Adelaide, the coastal capital of South Australia, is the fifth largest city in the country (although the centre of the city, administered by the Adelaide City Council, is only around 3 km2). The city currently ranks in the Top 10 in the Economist's "World's Most Liveable Cities", with the economy mainly based in manufacturing, particularly defence and automotive. The median individual income is relatively low at around AUS 19 000/yr but Adelaide's housing and living costs are substantially lower than in other Australian cities. In recent years, there has been a substantial increase in the population which in turn has increased the demand for energy and the resulting greenhouse gas emissions have increased significantly since 1994. In addition Adelaide has greater peak electricity supply problems and higher average domestic electricity prices than other major Australian cities.

There is overlap in the policies and programmes between the State of South Australia (with around 75% of the 1.6 million population living in Adelaide), the greater metropolitan Adelaide, and the smaller City of Adelaide. For the latter, the Capital City Committee established the "Adelaide Green City Programme" in 2002 aiming to create a better, more sustainable and environmentally friendly city and to be recognised internationally as a green city by 2010. In 2003, urban ecologist Herbert Girardet was commissioned to give policy advice on achieving these goals and all 33 of his recommendations have now been implemented.

The City Council's "Carbon Neutral Action Plan 2008-2012" set a goal of reaching zero net greenhouse gas emissions in buildings by 2012 and in transport by 2020. Projects initiated in the first year of implementation resulted in 6 000 tCO2 emission reductions. A CHP plant is to be installed at the Aquatic Centre which will halve current GHG emissions. Other community projects include encouraging cycling, providing assistance to improve the environmental sustainability of businesses, and providing incentives to city residents to install solar systems. Energy efficiency audits for homes and businesses have been conducted and smart meters are being installed in homes that wish to participate.

Several policies and initiatives of the South Australian state government complement the goals set by the city. These include the State Strategic Plan target to support "the development of renewable energy so that it comprises 33% of the state's electricity production and consumption by 2020", currently at 14.7% of production and 16.3% of total consumption (due to imports of electricity from other states). Over half the national total capacity of wind power is located in the state with 740 MW installed and a further 128 MW under construction. A feed-in tariff for small scale solar PV introduced in 2008 has resulted in the number of systems expanding from 1 500 to 8 000 by mid-2009. Under the new Building Innovation Fund, five projects have been funded for 2009/2010 that implement innovative renewable energy and energy efficient technologies for commercial buildings. Rebates for solar water heaters and energy efficiency measures are also offered.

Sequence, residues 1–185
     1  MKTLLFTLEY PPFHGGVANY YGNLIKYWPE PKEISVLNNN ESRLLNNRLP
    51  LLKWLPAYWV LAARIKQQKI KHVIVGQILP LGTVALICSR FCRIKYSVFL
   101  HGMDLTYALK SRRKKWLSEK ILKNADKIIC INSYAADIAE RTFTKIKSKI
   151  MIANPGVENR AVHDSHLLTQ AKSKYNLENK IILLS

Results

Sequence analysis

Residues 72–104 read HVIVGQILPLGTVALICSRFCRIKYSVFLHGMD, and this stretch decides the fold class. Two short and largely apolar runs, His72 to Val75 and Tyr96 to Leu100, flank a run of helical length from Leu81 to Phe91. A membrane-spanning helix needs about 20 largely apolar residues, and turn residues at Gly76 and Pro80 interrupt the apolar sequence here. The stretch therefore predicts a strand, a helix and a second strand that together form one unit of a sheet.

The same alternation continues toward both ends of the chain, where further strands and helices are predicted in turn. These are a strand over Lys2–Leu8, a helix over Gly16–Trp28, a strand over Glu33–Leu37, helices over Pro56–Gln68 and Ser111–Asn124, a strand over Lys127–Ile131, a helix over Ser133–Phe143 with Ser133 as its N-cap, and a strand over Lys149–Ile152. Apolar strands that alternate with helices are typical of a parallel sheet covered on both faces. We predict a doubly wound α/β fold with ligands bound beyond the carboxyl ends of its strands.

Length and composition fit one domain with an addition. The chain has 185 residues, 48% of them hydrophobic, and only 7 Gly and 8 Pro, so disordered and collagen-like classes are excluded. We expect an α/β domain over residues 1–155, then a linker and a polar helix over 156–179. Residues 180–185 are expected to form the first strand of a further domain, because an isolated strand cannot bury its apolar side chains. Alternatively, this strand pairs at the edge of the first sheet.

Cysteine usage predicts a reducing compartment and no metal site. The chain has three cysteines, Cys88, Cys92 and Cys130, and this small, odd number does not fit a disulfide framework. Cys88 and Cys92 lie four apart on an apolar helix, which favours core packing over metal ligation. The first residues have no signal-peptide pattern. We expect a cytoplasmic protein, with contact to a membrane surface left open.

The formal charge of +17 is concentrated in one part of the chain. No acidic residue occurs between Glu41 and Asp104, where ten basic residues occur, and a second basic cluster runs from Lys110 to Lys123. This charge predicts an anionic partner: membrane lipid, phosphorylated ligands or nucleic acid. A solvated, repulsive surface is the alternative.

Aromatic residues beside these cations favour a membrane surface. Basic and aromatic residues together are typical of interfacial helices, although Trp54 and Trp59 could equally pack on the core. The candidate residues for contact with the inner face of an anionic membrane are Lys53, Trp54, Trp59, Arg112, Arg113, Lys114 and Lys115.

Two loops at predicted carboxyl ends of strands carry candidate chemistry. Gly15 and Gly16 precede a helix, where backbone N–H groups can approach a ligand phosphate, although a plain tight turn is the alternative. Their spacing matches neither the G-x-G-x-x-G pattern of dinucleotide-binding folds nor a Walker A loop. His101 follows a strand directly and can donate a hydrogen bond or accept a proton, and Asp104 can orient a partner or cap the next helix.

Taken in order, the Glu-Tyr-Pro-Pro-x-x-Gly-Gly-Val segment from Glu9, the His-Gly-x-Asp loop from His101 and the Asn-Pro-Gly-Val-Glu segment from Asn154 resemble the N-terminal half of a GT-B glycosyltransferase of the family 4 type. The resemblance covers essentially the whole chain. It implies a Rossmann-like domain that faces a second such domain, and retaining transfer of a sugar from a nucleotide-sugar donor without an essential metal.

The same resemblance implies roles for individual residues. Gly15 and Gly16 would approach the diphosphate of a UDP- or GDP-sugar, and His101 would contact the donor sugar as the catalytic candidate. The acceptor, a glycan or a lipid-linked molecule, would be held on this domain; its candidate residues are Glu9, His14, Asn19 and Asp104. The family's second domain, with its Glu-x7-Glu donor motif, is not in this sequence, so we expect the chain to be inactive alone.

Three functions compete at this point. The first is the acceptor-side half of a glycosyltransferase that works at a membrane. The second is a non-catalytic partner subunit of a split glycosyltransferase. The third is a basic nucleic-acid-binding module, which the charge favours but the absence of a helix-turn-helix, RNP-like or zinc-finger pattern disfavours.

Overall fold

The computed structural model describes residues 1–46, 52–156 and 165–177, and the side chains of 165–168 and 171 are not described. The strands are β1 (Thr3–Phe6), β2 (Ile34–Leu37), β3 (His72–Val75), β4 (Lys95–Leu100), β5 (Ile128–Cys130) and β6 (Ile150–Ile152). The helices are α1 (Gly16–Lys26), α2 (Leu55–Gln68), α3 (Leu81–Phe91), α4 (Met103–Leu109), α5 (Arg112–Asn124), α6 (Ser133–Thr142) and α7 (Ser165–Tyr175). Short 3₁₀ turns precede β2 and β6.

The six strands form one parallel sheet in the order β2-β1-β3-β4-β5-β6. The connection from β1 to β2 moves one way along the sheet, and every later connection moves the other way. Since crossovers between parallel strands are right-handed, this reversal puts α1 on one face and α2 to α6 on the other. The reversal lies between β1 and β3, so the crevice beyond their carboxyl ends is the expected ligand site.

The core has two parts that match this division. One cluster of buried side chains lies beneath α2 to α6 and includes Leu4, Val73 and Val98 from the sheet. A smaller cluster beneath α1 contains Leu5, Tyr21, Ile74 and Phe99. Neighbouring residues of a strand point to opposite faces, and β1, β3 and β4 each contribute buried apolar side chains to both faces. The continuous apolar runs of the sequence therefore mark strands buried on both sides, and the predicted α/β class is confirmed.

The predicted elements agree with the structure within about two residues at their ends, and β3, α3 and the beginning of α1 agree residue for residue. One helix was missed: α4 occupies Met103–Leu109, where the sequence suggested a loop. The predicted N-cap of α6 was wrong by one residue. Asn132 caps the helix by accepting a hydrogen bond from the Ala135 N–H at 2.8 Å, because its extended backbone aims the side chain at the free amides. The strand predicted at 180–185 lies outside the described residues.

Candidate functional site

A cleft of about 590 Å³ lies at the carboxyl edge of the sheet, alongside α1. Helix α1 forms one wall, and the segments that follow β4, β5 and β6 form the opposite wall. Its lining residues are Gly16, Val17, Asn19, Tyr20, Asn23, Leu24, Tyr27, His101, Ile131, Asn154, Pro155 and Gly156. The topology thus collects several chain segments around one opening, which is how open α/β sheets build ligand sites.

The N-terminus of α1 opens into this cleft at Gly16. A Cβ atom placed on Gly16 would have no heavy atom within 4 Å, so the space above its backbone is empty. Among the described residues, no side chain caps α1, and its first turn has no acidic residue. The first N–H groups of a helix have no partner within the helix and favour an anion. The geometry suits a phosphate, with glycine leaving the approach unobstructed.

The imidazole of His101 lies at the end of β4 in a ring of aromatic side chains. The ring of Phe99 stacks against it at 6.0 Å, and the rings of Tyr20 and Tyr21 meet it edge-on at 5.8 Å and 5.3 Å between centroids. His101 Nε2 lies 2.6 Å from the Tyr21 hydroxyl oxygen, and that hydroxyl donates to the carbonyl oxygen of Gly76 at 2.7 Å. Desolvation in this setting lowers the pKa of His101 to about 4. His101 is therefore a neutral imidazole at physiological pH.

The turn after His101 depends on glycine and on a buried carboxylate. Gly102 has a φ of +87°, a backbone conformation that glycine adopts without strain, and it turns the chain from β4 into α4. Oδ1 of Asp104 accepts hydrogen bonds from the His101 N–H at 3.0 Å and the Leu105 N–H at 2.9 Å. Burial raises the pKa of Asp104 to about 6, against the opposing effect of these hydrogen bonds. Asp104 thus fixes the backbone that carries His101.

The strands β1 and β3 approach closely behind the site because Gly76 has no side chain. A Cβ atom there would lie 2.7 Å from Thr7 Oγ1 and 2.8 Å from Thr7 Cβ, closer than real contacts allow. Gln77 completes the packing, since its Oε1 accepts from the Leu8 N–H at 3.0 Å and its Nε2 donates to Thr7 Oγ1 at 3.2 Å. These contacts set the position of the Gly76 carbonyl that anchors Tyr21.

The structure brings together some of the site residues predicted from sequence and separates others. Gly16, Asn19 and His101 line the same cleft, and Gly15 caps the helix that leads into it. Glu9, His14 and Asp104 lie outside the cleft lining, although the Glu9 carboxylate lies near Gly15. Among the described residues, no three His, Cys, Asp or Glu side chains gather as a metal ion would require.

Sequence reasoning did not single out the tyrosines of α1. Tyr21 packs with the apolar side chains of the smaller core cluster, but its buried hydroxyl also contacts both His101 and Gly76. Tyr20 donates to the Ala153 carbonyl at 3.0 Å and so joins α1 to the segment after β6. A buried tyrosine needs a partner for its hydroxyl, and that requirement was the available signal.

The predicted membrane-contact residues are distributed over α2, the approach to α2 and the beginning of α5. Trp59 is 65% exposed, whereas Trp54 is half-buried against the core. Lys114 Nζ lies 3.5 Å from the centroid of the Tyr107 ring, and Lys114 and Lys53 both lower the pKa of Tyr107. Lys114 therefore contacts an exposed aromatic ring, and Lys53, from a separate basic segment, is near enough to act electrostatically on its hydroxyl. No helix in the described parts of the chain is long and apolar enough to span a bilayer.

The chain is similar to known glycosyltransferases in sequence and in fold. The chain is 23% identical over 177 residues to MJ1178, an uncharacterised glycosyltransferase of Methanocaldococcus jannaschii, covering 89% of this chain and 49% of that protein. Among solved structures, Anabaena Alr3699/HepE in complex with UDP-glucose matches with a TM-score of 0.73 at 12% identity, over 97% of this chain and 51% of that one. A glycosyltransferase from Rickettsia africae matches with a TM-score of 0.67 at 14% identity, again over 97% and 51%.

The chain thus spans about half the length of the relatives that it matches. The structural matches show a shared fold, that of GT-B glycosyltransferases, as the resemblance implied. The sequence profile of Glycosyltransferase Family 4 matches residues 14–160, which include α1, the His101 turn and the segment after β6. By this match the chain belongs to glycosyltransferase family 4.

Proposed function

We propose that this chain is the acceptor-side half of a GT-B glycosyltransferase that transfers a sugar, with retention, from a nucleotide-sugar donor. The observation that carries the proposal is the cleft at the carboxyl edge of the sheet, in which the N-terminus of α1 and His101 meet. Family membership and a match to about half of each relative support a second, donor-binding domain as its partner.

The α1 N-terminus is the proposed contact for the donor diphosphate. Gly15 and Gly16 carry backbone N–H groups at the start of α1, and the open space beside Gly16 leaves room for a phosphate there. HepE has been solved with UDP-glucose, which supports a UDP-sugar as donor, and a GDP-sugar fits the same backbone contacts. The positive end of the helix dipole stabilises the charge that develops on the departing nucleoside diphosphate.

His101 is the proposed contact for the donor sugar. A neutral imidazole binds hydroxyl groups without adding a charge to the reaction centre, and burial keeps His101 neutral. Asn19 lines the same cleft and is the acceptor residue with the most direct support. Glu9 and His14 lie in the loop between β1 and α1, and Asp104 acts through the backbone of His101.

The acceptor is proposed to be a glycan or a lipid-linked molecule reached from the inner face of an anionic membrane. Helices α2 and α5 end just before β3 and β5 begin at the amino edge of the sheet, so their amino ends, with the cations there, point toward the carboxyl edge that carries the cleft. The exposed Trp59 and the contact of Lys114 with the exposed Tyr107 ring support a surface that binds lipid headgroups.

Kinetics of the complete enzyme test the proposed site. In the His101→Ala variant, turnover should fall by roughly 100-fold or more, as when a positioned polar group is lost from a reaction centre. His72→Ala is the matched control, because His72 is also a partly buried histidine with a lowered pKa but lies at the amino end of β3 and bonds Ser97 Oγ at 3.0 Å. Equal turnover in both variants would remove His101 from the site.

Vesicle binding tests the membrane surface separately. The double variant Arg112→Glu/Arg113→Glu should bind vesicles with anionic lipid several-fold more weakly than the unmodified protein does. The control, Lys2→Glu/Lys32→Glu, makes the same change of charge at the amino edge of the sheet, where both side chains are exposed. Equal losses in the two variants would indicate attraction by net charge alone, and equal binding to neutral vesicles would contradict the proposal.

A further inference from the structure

In June 2009 the Premier of South Australia announced the establishment of "Renewables SA" along with an AUS 20M fund to accelerate investment in the sector by fostering innovation and creating green jobs. The first project funded was the establishment of a Centre for Geothermal Research because South Australia has attracted over 90% of the national R&D investment in geothermal systems, drilling techniques and exploration since 2002. Hoping to help make Adelaide the global centre for renewable energy policy and research, University College, London, opened an overseas campus in 2009 with a focus on urban energy and resources.

Other initiatives involve improved pedestrian routes and access; more bus stops to better suit people of limited mobility; adding the newest environmentally friendly, hybrid automobiles to the government fleet; establishing an Office of Cycling and Walking; installing more than 10 km of on-road bicycle lanes and more than 6 km off-road bicycle paths; and doubling the number of bicycle lockers provided at railway stations and transport interchanges. These are not directly involved with renewable energy so will not be discussed further here.

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